Vietnam’s central bank is forbidding the use of bitcoin payments and other cryptocurrencies as payment methods.
As per the statement made on October 30, 2017, the State Bank of Vietnam stated that cryptocurrencies are not a “legal way of payment” within the country, and the “issuance, supply, use of bitcoin and other related virtual currency as a mode of payment is forbidden.”
From next year, it continues, unlawful use of cryptocurrencies as a payment method will be penalized by fines between 150 million ($6,600) and 200 million ($8,800) Vietnamese dong (VND).
The central bank says:
“As from January 1, 2018, the act of issuing, offering and using unlawful methods of payment (including bitcoin and other related virtual currency) may be subject to legal action.”
These steps come as part of a new legal provision for cryptocurrencies prompted by Vietnam’s Prime Minister Nguyen Xuan Phuc. That operation has now been concluded and the framework forwarded to the government, the State Bank states.
Local reports indicate that the prohibition may already be having an effect on local bodies.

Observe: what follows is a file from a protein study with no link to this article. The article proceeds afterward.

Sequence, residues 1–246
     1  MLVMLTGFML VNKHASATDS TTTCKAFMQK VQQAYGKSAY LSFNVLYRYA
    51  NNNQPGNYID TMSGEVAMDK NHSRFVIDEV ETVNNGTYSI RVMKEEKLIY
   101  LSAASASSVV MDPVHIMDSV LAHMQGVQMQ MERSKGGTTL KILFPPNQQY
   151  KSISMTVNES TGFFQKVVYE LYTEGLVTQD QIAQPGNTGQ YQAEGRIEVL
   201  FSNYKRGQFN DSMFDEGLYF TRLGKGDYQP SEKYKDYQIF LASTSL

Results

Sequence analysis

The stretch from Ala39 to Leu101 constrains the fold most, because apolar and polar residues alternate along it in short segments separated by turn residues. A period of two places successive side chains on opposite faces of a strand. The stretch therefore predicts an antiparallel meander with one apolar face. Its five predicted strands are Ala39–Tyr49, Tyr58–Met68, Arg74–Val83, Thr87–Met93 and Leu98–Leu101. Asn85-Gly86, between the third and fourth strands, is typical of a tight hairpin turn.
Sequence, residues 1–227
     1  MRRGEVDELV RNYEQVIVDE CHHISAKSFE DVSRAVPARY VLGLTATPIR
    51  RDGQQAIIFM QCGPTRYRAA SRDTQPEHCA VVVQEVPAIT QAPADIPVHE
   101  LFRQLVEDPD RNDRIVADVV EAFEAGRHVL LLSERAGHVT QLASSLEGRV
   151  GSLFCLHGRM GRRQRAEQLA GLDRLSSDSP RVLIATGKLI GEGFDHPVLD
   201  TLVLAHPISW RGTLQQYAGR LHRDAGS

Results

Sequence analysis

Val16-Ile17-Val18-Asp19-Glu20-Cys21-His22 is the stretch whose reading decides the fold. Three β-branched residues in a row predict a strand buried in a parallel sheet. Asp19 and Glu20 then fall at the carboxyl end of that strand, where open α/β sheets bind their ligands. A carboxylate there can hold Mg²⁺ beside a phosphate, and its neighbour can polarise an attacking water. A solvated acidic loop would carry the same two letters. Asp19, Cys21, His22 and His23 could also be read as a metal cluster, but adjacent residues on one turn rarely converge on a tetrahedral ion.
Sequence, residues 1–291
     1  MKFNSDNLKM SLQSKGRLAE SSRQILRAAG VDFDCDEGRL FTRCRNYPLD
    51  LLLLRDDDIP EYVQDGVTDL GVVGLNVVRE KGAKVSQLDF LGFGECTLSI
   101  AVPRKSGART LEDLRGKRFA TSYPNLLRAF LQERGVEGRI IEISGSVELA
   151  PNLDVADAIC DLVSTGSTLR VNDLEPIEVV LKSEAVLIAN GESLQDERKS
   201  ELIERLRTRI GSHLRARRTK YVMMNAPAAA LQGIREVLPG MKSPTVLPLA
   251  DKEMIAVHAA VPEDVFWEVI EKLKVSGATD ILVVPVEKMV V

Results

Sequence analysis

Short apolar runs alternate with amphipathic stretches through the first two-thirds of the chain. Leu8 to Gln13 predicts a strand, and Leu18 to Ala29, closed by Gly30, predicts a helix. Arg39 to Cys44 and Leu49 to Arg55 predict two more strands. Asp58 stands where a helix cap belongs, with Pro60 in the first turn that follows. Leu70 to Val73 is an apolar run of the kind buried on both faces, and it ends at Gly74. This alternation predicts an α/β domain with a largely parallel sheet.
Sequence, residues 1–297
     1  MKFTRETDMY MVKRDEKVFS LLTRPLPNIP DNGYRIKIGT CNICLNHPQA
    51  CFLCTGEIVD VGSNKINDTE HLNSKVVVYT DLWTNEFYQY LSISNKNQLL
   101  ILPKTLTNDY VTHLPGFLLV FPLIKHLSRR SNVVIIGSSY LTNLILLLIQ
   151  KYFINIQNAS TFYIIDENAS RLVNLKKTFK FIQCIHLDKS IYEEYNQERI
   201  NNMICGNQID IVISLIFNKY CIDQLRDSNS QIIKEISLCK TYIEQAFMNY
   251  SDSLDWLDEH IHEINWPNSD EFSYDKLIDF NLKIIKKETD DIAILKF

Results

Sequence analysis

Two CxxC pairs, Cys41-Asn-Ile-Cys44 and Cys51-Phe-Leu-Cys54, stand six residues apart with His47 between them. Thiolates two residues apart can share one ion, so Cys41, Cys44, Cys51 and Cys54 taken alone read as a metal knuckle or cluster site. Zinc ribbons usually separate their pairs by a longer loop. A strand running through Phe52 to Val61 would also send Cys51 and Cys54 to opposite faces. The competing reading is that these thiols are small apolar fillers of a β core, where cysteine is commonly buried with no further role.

News source VietnamPlus stated that FTP University in Hanoi, which lately declared it would enable students to pay for tuition in bitcoin, could now be compelled to repeal that choice. Delegaes of the State Bank reportedly said that, if the university went on to consider bitcoin as a “lawful method of payment,” it would be “perpetrating an act of crime under the current legal framework, and may subject the university to the specific penalty.”
The decision by the central bank is expected to come as a blow to many in the local cryptocurrency space. When the prime minister asked the framework to be mapped out in August, there was optimism the country may officially recognize bitcoin as a mode of payment next year.
Nevertheless, the country has earlier released warnings about bitcoin and restricted credit institutions from providing digital currency services.